Phrasal verbs

From English Wiki
Jump to navigation Jump to search

A phrasal verb is a two-word verb, essentially a compound verb. It consists of the main verb and a particle. The particle often looks like a preposition or an adverb, but it is actually a type of particle known as a verbal particle - a minor word class borrowed from the preposition category, but used as a compounding element to modify the verb. The most common verb particles in English are:

about, across, along, apart, around, aside, at, away, back, by, down, forth, from, in, into, of, off, on, out, over, through, to, together, under, up, with

When is it a phrasal verb? We can usually tell that it is a phrasal verb, not a verb plus preposition or adverb when enough of the following apply.

1. Position. An apparent preposition is stranded at the end of a sentence; the stranded item is often a phrasal verb particle.

I need to look something up.
I'll try to check it out.

2. Movement. The particle can move. It can come before or after a noun direct object, depending on what is emphasized (the noun, or the verb), or what is old and new information (if the noun is new information, it tends to come after the particle).

Turn the light on.
Turn on the light.

a) Note: If the direct object is any kind of pronoun (personal pronoun, indefinite pronoun, demonstrative, etc.), the pronoun object must precede the particle, and the particle come last.

Call him up.
Turn it up.
Don't check any out.

b) Note: Some particles are immovable, so they must come before the noun. In this case, it is like a regular verb plus a preposition, with a non-literal meaning.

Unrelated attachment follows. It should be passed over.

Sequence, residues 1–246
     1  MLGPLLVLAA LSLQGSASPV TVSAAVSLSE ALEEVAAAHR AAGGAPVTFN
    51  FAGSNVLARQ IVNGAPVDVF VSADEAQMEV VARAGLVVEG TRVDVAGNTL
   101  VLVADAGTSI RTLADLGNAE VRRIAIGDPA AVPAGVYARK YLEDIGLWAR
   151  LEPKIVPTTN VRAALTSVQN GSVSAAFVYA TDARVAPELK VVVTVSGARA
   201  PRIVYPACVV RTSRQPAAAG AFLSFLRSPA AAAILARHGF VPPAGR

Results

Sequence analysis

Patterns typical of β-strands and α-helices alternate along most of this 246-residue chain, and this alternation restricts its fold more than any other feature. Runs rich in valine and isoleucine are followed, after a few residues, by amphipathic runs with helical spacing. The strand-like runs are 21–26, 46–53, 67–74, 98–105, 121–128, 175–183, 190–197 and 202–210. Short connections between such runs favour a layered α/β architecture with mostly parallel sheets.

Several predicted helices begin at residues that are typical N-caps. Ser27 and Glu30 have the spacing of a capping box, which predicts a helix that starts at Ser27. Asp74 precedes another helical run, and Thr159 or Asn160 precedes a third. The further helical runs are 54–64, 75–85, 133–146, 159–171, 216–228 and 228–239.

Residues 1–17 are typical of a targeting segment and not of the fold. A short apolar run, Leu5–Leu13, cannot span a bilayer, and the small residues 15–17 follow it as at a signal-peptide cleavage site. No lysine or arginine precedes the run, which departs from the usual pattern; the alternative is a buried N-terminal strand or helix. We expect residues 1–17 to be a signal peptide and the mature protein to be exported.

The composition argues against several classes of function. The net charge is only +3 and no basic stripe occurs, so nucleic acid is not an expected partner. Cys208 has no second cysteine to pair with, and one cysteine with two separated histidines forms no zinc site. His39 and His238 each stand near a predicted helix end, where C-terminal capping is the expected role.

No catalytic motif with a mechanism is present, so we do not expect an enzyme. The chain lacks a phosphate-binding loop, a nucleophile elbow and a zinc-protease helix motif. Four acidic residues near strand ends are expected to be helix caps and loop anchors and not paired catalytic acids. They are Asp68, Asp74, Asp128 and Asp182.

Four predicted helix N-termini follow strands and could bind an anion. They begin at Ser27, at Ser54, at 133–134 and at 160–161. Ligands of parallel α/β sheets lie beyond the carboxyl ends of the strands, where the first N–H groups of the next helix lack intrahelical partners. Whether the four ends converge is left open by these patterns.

I ran into my old friend. (ran into = happen to meet, not literally hit)

3. Questions. The particle cannot begin a wh-question.

Whom did you call up?
not: *Up whom did you call?

4. Relative clauses. The particle cannot begin a relative clause.

That's the ex-roommate whom I couldn't put up with.
not: *up with whom

5. Adverbs. An adverb cannot be inserted between the main verb and the particle.

I especially called up my friends from college.
not: *I called especially up my friends.

6. Sequences. In a sequence of two apparent prepositions or adverb (among those listed above) plus preposition, the first one is a particle.

Why can't you two get along with each other?

7. Stress. Many separable particles can receive a main stress; stress rarely falls on a preposition, and not on inseparable particles. However, some particles can be separable in some verbs, and inseparable in others, with different kinds of meanings.

Don't pùt it óff anymore.
I'm góing over the new bridge. (go over in literal sense of motion / direction)
They think they can wìn us óver. (win over in non-literal sense of ‘persuade someone to one's side or position')

([´] = main stress on particle, [`]= secondary stress)

a) stressable separable particles:

along, away, aside, down, off, on, out, through, up

We didn't get along very well.
They've gone far away.
Move aside, please.
Get down right now!
Let's not put if off any longer.
Put the blue dress on.
Let's go out together tonight.
We'll get through it all.
I'll call her up tonight.

b) stressless particles:

about, at, for, from, of, on, to, with; and any inseparable particles

He went about his business.
What are you looking at?
Go for the gusto!
Where will you be coming from?
They were waiting on me for a long time.
I'll get to my homework after dinner.
We were faced with many problems.

8. Semantics. The phrasal verb particle was originally a preposition, and it can modify the original verb, or significantly change it. It may be a minor modification of spatial or directional meaning, a temporal extension based on the original meaning, or very often, a very metaphorical extension or change of the original verb’s meaning. These metaphorical changes are very common, extensive, and complex in English, and pose much difficulty for learners of English as a second language.

(1) Spatial / directional: e.g., get → get up; stand → stand up; go → go up, go out
(2) Temporal: meanings and references related to time and events; e.g.: It’s over now.
(3) Metaphorical extensions, e.g., of #1 and/or #2. E.g.:
The sky is clouding over.
I am fed up with your nonsense – shut up!